This Week in Geographic History, September 19-25

Here’s an advance look at a some of the “This Day in Geographic History” (TDIGH) events coming up this week.  For each date, we’ve matched it with a map or visual, background information, and a classroom activity so you can plan ahead.

Tuesday, September 20

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A baby chimpanzee hangs from a tree in the Goualougo Triangle region of the Congo Basin. Photograph by Michael Nichols, National Geographic

TDIGH: Megatransect Protects African Wilderness

NG Explorer-in-Residence Mike Fay’s 1999 expedition documenting biodiversity in the Congo River Basin helped lead to creation of a national park system in Gabon.

Map: Congo River Basin

Background: Physical geography of Africa

Activity: Watch this video to learn about another expedition documenting biodiversity in Africa: the Okavango Wilderness Project.


Thursday, September 22

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Peace Corps volunteers play American football with children in Gabon. Photograph by James P. Blair, National Geographic

TDIGH: Peace Corps Established

President John F. Kennedy created the Peace Corps in 1961 to promote cross-cultural understanding between Americans and people of other countries.

Map:  Interactive map of all the places Peace Corps volunteers serve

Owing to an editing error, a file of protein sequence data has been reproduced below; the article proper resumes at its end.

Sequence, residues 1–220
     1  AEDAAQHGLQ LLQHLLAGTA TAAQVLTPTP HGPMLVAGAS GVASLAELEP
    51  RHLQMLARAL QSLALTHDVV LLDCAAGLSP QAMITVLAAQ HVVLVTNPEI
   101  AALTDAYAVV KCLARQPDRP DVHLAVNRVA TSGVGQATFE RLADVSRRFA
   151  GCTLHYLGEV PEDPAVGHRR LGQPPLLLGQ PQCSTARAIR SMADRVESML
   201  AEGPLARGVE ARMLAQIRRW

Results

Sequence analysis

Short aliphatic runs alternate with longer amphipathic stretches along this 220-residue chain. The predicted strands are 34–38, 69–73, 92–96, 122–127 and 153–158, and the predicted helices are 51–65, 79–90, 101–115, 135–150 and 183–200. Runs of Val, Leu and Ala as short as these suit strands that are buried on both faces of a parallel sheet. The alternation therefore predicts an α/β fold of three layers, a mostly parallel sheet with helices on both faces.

Background: Interview with NG staff who served in the Peace Corps

Activity: Read and discuss a first person account from a Peace Corps volunteer.


TDIGH: First Issue of National Geographic Magazine

In 1888 the National Geographic Society published the first issue of its scientific journal. Though National Geographic magazine is now famous for its photography, it did not include photos until 1905.

Visual: 5 famous NGM covers and the stories behind them

Background: History of the National Geographic Society

Activity: Brainstorm story ideas that students would want to see in the magazine.


Friday, September 23

Hurricane-like storms regularly move across Neptune’s surface, as shown in this photograph taken by NASA’s Voyager 2 spacecraft. Photograph by NASA

TDIGH: Neptune is Discovered

The outermost planet in our solar system was discovered in 1846 by scientists following mathematical predictions.

Visual: Photo gallery of Neptune and its moons

Background: What is a planet?

Activity: Compare the sizes of different planets and their distance from the sun


Sunday, September 25

TDIGH: Treaty of York

Signed in 1237, the treaty established the border between England and Scotland, which is now one of the oldest existing political borders in the world.

Map: The United Kingdom

Background: What is a border?

Activity: Drawing political borders



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